What is your objective?Are you trying to find someone, collect on a judgment, determine if it’s worth suing someone or perhaps investigate a complex matter? With some cases, the specific objective may be obvious, but often clients are not sure what they really want. Having an ultimate goal or objective before you hire a private investigator can help control costs and focus the investigator in the right direction.

Do you need subject matter expertise?

Investigators often have a specialty. These include surveillance, matrimonial cases, insurance disability matters, internal fraud investigations, adoption, computer forensics, forensic accounting, litigation support, due diligence investigation and background checks.  Hiring the wrong investigator for the wrong job may doom your case from the start. Before you hire a private investigator make sure the investigator you hire has a proven track record in the area you present to them.

What do you already know?

It’s important to collect every relevant piece of written or electronic information in your possession to provide to the investigator. Also, be sure to tell them everything you know—even if it’s not written down. This insures that the investigator has the best tools to be effective and efficient so that they can hit the ground running.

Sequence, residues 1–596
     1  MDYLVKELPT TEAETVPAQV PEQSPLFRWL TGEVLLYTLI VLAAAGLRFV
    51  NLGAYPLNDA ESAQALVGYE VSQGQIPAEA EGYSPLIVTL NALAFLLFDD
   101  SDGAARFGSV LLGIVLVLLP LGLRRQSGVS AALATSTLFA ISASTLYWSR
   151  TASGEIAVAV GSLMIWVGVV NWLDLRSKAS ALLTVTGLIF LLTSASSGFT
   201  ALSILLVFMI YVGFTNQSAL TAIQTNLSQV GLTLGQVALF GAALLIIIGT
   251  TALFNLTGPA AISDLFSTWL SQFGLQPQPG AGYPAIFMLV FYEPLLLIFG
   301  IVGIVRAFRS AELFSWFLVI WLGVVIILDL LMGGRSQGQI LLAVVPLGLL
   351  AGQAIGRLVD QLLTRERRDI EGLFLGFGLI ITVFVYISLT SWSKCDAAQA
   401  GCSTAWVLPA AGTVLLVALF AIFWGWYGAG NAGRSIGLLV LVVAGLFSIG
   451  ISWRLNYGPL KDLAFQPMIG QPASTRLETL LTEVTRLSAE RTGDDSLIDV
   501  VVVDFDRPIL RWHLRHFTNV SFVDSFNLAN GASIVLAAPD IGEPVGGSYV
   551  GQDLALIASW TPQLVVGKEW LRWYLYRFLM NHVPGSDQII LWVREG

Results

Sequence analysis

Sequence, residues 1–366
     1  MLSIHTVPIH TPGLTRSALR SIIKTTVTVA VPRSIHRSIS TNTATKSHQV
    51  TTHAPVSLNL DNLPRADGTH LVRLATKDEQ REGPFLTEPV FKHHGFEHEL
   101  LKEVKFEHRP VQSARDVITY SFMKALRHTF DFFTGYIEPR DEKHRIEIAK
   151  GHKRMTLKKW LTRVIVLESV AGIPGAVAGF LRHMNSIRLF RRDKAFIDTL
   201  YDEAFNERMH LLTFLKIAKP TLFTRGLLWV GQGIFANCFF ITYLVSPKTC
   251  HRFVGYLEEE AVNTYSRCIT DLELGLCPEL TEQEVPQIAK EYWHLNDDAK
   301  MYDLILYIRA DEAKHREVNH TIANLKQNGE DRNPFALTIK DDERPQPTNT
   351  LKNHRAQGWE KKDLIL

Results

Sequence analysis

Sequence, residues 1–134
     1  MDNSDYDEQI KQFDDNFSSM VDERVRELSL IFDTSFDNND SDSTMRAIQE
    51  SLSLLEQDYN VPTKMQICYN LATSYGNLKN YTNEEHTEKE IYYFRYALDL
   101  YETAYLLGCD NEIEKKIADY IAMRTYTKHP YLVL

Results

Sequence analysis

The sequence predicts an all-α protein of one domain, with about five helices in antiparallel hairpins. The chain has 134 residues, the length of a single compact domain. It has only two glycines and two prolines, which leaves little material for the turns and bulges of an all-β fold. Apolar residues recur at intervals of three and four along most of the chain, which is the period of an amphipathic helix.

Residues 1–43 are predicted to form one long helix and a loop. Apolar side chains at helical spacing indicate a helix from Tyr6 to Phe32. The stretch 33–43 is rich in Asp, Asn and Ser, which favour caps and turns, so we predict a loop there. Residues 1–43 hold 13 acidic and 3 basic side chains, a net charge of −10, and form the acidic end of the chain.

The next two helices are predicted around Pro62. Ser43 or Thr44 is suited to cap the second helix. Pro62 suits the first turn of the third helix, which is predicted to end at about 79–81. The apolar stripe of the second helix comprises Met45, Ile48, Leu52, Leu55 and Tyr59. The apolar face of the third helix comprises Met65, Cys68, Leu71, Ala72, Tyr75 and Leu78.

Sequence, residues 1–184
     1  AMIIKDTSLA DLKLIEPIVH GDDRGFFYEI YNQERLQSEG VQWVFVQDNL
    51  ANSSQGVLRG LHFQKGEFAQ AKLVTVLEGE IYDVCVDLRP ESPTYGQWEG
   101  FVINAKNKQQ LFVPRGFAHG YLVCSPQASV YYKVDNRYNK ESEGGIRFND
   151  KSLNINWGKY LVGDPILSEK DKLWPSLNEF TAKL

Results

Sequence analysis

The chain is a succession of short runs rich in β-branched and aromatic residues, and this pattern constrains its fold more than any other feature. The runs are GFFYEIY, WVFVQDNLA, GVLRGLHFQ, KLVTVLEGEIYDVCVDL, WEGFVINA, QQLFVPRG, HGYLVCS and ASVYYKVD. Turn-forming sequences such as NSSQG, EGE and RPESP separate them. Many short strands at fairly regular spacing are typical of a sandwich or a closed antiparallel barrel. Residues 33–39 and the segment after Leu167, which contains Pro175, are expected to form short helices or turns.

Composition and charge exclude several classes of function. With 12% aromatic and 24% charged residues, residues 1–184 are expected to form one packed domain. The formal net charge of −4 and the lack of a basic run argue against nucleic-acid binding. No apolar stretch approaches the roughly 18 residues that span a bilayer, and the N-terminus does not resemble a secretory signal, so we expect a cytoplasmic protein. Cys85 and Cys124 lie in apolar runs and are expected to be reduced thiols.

How will the information be used?

Are you trying to get information for your own use or do you anticipate litigation relevant to the information?  In the first instance, it may be appropriate to deal directly with the investigator, but if there is litigation in the works, your investigator should be retained by an attorney to protect work product privilege.

What are your expectations?

We all love a good Sherlock Holmes novel or an old episode of Colombo, but it’s called fiction for a reason. Understanding what the investigator can legally, properly and ethically do will save you from unrealistic expectations and trouble down the road.

What are the risks if inquiries become known?